General Information


About This Course

Students will study advanced operating system topics and be exposed to recent developments in operating systems research. This course involves readings and lectures on classic and new papers. Topics include virtual memory management, synchronization and communication, file systems, protection and security, operating system structure and extension techniques, fault tolerance, and history and experience of systems programming.

Course Outline

This course makes no attempt to cover all the interesting topics in operating systems. Instead, we will cover a few topics in depth.

The course is divided into the following general topic areas.

  • Concurrent Execution: threads, event systems, async/sync I/O, etc.
  • Memory Management: virtual memory, NUMA machines, memory allocators, etc.
  • Scalability: multicore processing, locking, lock-free data structures, etc.
  • File Systems: file system interfaces, networked file systems, etc.
  • OS Architecture: the structure and design of an operating system
  • Virtualization: machine virtualization, binary instrumentation, etc.
  • Security: data security and integrity, authentication, authorization, etc.
  • History/Experience: historically important papers and experience reports

Prerequisites

The prerequisite for this class is CS140 or the equivalent. It is necessary to have this background before taking the class as we’ll read a lot papers quickly without much time for catching up on the basics. The course assumes an understanding of topics in operating systems such as synchronization, virtual memory management, scheduling, and file systems.

Course Organization and Workload

The course consists of prerecorded lectures, readings, reading questions, and two exams, and two labs. There is a also a discussion section/office hours during the normal class period. It is optional but you are encouraged to come and discuss the papers. The two most important things to know about the class: (1) the main goal is to have interesting discussions (either in discussion section or on google groups) and (2) we recommend you read each paper at least two times: once very carefully, then once more, focusing on the hard parts. For any artifact the paper describes you should draw a picture. This should all be done more than a day in advance so that it sinks in.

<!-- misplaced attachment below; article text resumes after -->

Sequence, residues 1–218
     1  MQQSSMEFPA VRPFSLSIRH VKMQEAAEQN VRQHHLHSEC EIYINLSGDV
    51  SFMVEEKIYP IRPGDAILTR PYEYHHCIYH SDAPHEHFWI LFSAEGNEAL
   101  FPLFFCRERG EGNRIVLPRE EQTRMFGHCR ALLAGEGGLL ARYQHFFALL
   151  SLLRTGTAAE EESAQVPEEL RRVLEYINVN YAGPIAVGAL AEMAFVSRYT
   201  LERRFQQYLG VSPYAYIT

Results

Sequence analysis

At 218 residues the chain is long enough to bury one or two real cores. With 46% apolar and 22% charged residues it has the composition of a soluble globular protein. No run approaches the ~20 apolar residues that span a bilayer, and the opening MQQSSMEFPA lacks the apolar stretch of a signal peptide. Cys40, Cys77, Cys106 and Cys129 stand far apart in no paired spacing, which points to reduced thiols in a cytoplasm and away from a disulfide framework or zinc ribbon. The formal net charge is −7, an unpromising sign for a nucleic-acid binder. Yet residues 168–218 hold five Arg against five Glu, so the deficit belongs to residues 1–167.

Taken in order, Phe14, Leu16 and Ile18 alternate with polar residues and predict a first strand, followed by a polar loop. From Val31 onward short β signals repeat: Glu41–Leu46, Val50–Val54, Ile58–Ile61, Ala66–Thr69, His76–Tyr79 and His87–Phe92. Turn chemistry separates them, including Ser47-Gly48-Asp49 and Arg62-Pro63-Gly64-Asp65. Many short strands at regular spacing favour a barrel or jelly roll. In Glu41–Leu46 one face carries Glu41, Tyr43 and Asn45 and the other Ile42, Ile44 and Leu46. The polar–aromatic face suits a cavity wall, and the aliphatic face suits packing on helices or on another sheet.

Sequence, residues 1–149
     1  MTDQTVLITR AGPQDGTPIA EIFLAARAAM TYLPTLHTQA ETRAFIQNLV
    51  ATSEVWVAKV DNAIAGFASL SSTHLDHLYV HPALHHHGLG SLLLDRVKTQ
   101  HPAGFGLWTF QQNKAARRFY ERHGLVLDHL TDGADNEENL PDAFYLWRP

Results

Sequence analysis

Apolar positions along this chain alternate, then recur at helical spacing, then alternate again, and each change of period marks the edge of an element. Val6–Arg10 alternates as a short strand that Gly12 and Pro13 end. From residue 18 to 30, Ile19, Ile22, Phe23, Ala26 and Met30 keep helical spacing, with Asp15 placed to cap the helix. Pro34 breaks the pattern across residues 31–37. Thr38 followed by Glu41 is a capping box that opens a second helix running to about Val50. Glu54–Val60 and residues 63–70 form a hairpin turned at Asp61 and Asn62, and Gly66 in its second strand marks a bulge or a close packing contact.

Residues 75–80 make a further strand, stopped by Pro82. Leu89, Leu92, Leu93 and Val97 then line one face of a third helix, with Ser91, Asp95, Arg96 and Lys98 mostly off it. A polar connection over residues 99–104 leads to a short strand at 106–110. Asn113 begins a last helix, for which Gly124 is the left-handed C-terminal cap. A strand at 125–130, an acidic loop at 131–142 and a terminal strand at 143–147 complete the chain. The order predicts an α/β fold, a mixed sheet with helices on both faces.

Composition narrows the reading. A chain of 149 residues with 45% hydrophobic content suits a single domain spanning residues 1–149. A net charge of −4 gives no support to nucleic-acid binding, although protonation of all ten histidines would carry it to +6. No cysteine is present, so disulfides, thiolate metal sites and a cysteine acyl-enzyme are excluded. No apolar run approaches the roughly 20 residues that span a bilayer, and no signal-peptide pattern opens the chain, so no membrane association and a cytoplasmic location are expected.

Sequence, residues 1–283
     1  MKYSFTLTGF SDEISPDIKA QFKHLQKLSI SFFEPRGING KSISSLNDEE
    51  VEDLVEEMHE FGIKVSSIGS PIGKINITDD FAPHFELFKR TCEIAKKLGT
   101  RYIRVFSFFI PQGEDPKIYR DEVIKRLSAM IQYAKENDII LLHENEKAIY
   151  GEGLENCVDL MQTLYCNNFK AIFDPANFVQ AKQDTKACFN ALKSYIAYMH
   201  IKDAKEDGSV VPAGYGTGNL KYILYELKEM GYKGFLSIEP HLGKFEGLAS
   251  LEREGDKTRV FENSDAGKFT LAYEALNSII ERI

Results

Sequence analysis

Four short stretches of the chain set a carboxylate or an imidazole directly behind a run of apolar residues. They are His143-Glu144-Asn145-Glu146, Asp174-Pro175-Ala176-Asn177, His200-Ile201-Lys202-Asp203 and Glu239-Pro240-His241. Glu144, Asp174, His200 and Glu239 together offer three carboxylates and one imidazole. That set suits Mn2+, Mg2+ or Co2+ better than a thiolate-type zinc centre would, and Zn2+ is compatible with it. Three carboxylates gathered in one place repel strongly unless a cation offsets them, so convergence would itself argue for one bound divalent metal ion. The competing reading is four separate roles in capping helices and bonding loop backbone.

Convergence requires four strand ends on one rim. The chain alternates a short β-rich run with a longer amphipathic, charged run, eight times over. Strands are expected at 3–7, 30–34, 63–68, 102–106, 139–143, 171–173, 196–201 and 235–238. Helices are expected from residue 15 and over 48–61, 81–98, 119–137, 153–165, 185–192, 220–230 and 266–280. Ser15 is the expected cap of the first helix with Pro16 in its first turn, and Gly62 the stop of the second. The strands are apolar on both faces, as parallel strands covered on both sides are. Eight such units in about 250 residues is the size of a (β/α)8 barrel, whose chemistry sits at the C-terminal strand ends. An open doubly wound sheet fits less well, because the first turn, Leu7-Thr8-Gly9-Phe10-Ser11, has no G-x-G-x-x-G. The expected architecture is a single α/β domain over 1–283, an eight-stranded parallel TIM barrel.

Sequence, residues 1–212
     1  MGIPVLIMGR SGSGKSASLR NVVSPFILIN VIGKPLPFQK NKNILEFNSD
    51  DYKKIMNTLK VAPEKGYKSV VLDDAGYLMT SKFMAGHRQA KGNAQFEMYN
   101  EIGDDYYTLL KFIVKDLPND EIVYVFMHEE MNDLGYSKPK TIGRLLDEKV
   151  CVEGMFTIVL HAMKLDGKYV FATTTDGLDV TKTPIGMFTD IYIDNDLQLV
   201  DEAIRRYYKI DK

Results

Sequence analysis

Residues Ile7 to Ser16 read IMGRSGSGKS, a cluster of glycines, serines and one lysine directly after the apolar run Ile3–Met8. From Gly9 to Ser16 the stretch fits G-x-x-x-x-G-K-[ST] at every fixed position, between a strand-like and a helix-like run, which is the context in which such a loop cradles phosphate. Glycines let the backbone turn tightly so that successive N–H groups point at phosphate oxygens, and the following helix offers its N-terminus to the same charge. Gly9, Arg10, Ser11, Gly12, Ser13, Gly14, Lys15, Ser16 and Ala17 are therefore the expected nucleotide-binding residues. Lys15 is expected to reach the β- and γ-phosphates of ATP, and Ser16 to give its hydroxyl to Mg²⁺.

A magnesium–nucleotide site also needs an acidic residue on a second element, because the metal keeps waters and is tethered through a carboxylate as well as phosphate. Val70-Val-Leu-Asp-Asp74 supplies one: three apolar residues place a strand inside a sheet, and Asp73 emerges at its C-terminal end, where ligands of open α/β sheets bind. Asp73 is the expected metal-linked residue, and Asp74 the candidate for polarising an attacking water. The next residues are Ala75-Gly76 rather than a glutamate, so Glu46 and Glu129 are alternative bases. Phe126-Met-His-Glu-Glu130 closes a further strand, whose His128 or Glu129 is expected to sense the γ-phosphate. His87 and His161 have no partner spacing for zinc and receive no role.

Most of the work in this course consists of reading journal and conference papers. We will cover one paper for each class meeting. This class will be primarily discussion based rather than organized around lectures. Active discussion will (hopefully) give you a non-trivial understanding of the material. The only way this approach can work is if you read the papers carefully. Class time will not be used to rehash the material in the papers. Instead, it will be used to highlight the important points and discuss some of the more interesting features. There will be as much as 10 to 15 hours of reading per week. Do not take this course unless you are willing and able to do a lot of reading.

Grading Policy

Your grade will be a function of your class ranking and where we set the thresholds for letter grades. The class is graded on a rough curve. Your class ranking will be based 60% on the in class midterm and cumulative final, 20% on reading questions, and 20% on the labs. Our decision on grade thresholds will factor in class participation

Reading Questions

With some exceptions, each paper will be accompanied with a question that you are required to respond to. The question will be posted on the course website along with the paper. Students should submit their answers as a PDF to the Gradescope

Responses should be short and pithy. Our goal is to get you to think deeply about the paper, not to test you. You won’t be graded on the correctness of your answer but simply on whether you attempted to answer the question at all with some understanding.

Exams

There will be two exams. They will be open book (class materials including papers) but no googling. The final exam is cumulative. Sample exams with solutions are available on sites from previous years.

Due Dates

Reading questions are due the midnight after the corresponding discussion section. Responses will be accepted until one week after the original deadline. No extensions are possible, but missing only one or two questions should minimally impact your final grade.

Contacting the Course Staff

You may email the staff directly at cs240-spr21-staff@lists.stanford.edu. If the matter is general in nature, you may prefer to address it via the CS240 Google Group.